The Aztecs had their own version of what we think as the modern day vampire. The Aztecs believed in a cihuateteo and they also believed in a goddess named, Cihuacoatl. So we're going to explore these two supernatural deities.
A cihuateteo according to "The Complete Idiot's Guide to Vampires," is a woman who has died in childbirth and comes back to life. She returns from the grave and preys on young children and seduces the young men in the village. They were known to cause madness, drink the blood and take the energy of their victims, and like every good vampire-like creature they died by sunlight. Add some witchery in there, because they were known to practice scorcercy. Some of their legends depict them with skeletal faces and that they haunted the crossroads. They were also associated with the goddess Cihuacoatl, who will be explained next.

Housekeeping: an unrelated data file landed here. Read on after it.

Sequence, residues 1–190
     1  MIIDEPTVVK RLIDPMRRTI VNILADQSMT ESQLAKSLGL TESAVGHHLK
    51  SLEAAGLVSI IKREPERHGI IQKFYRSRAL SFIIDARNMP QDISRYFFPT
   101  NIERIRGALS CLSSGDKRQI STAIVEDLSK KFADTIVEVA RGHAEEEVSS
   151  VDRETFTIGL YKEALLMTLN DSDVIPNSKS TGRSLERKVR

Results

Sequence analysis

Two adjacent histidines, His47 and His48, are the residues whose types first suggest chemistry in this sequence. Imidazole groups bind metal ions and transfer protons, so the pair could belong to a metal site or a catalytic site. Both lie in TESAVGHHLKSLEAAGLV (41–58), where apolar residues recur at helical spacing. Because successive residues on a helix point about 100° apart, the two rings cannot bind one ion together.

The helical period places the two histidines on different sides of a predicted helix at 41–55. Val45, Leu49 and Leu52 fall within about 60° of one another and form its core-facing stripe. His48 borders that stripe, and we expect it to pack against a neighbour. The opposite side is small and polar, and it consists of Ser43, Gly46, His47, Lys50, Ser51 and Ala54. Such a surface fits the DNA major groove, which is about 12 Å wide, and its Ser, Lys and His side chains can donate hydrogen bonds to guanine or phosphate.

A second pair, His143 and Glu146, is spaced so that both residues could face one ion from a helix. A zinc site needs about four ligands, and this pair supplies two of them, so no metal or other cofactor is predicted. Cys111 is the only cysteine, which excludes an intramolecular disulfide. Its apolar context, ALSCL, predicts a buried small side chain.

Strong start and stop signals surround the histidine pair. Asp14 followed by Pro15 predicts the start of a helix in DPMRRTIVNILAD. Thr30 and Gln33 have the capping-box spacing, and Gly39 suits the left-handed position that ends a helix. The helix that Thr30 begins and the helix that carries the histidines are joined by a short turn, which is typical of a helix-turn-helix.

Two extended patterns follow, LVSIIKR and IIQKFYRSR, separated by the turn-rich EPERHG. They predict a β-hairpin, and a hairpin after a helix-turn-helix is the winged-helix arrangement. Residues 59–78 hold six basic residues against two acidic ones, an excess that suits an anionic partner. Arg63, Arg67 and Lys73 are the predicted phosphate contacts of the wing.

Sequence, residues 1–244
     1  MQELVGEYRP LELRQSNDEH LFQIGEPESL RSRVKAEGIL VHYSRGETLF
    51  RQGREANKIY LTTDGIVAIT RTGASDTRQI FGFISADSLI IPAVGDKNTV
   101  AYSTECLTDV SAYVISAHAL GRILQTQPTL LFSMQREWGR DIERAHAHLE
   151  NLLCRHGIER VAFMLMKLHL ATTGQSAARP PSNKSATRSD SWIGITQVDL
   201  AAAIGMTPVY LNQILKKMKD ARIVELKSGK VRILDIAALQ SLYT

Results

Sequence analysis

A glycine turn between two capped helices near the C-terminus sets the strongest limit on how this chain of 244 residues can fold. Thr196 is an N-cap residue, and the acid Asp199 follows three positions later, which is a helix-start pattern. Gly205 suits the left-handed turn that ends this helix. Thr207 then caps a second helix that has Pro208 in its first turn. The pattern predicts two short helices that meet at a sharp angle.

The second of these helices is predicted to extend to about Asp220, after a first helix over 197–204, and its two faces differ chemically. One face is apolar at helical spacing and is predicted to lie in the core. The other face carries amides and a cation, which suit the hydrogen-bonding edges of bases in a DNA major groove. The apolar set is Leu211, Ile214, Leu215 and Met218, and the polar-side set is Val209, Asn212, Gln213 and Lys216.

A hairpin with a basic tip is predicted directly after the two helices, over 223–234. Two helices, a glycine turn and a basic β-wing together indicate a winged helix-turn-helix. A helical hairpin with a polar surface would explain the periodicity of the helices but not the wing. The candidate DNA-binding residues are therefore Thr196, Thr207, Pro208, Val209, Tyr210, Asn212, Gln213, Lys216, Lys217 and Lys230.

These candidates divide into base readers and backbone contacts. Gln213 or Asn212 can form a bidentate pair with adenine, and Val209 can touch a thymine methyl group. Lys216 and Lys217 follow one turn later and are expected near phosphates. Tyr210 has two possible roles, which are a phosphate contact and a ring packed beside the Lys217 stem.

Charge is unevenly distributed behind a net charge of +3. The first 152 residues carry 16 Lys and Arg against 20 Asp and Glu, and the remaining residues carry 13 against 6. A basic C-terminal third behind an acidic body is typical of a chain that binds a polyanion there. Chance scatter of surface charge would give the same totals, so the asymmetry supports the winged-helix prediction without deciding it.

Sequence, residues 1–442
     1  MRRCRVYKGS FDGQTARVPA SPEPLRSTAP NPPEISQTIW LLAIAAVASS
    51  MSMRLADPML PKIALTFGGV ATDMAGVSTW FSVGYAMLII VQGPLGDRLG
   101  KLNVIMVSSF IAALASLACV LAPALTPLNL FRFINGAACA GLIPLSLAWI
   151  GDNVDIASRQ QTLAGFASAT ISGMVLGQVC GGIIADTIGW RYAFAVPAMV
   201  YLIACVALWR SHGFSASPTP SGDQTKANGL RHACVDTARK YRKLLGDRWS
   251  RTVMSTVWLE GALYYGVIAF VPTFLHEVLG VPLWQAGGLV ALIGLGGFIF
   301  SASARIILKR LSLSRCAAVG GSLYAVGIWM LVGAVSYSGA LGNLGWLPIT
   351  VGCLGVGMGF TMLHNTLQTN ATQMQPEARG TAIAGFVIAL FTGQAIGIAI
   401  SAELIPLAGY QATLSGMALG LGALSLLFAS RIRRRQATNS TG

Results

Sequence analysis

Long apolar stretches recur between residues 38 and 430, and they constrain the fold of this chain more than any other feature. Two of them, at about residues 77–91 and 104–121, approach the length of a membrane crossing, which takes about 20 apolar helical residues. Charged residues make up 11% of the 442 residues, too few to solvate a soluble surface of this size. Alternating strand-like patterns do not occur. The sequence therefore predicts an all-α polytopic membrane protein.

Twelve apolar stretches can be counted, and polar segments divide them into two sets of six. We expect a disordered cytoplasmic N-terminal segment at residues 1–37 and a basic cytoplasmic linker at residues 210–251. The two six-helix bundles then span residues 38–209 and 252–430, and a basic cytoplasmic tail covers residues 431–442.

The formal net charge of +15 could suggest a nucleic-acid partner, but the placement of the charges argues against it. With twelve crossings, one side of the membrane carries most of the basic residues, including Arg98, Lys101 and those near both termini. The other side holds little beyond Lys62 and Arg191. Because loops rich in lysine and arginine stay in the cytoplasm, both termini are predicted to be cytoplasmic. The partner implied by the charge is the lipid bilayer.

The Aztecs believed Cihauacoatl was the goddess of fertility and that they would use human sacrifices to honor her name. Some called her the blood-drinking goddess because of how the Aztecs honored. It's interesting on how she is known for both life and death. She is represented as a woman with a fierce face and dressed in a warrior outfit of a sword, spears, and a shield. She was the reason why cihauteteos were running around the earth and creating havoc. She was also known as the snake woman.
She was a big part of their mythology, she helped create the human race with another god, Quetzalcoatl. She was also the protector of the city, Culhuacan.
So that's a look at the Aztecs and two myths that are very similar to Vampire and other supernatural folklore that has been around for centuries. Everyone has their version of ghosts, vampires, and witches!
"The Complete Idiot's Guide to Vampires" by Jay Stevenson, Ph.D.